The CMT 2 is a neuronal condition and is different from the first type which is a demyelinating problem. The second type will lead to peripheral neuropathy via a direct death of the axon and degeneration. The third type or CMT 3 usually occurs during the infancy stages. It leads to severe demyelination with motor skills slowing down. It is more severe than the first type.
Some of the other things that doctors will notice up close include the thinning of the myelin surrounding the nerve and the marked segmental demyelination. This is seen well during tissue examination. The third type is also called Dejerine-Sottas disease. The fourth type or CMT 4 or CMT X is a demyelinating neuropathy.
Marie Charcot Tooth Disease Diagnosis and Assessment
Marie Charcot Tooth disease or CMT is first determined by having the patient go through the standard assessment. The doctor will ask the patient about his family background, medical history and other previous signs and symptoms. Neurological and related tests will also be done. The doctor will want to know the presentation, severity and time of the presentation of symptoms and if other members in the family also share the same condition or symptoms.
Muscle weakness will be observed in the legs and arms. The physician will also check for other common signs like muscle wasting, thinning of the legs, feet abnormalities, muscle weakness and loss of sensation. Orthopedic symptoms will also be checked like hip dysplasia and scoliosis. One of the common conditions that can be found among patients is nerve enlargement or hypertrophic nerves that are visible on the skin. This is due to the thickening of the myelin sheaths.
More Diagnostic Procedures for Marie Charcot Tooth Disease
As soon as the physician notices the presence of CMT, he may ask the patient to undergo electrodiagnostic examinations. The approach will cover two approaches namely electromyography or EMG and nerve conduction studies. During the nerve conduction studies, the electrodes will be positioned on the skin over a sensory or peripheral motor nerve.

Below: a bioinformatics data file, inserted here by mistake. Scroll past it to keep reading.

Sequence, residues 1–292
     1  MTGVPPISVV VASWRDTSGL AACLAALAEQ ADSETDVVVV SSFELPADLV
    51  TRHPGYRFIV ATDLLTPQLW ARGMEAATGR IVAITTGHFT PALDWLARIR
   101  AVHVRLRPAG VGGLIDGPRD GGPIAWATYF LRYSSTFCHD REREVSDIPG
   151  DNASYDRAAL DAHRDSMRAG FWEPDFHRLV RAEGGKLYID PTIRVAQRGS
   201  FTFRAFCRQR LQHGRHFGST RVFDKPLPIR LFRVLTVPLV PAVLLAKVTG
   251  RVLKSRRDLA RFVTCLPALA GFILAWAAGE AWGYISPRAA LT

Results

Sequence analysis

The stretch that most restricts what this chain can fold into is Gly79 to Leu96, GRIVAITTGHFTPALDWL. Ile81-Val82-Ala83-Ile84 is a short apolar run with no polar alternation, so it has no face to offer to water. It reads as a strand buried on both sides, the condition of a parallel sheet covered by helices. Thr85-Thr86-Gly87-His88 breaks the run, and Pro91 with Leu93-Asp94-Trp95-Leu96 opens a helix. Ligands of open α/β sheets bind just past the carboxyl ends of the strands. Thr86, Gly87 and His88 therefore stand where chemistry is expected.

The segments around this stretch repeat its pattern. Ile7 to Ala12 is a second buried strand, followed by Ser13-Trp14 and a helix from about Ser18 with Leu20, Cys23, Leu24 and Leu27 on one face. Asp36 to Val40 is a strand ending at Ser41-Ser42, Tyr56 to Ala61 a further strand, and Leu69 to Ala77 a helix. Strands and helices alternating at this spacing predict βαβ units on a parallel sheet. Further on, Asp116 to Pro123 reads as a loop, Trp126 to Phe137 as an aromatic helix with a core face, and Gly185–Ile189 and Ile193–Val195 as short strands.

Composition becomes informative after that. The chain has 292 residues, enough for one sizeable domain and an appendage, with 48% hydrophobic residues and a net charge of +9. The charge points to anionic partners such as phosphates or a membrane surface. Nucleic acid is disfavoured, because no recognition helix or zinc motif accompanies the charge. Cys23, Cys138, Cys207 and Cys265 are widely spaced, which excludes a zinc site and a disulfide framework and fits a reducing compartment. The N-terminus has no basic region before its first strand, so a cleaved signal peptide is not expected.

Minor electric currents will be sent to determine how the nerves are functioning and how the patient responds to the current. The impulse actually stimulates the motor and sensory nerves and provides adequate information that will help physicians come up with the proper diagnosis. EMG will involve putting a needle electrode through the skin to check the bioelectrical muscle activity. Some changes in the readings will also indicate degeneration of the axon.
Genetic Counseling for Marie Charcot Tooth Disease Patients
Some people wish to undergo genetic testing if they believe that they have Marie Charcot Tooth disease or CMT of any type. Genetic testing will help determine where they acquired the condition and if they can also pass on the problem to their offspring. Genetic counseling is advised for patients who are expecting to have children in the future.
The doctor or counselor can provide risk assessments as well as indicate the proper methods that will hopefully reduce the risk and occurrence. Genetic counseling is also very helpful in helping families and patients cope with the debilitating effects of the disease. Marie Charcot Tooth disease can be prevented in some ways by staying prepared for the genetic tendencies.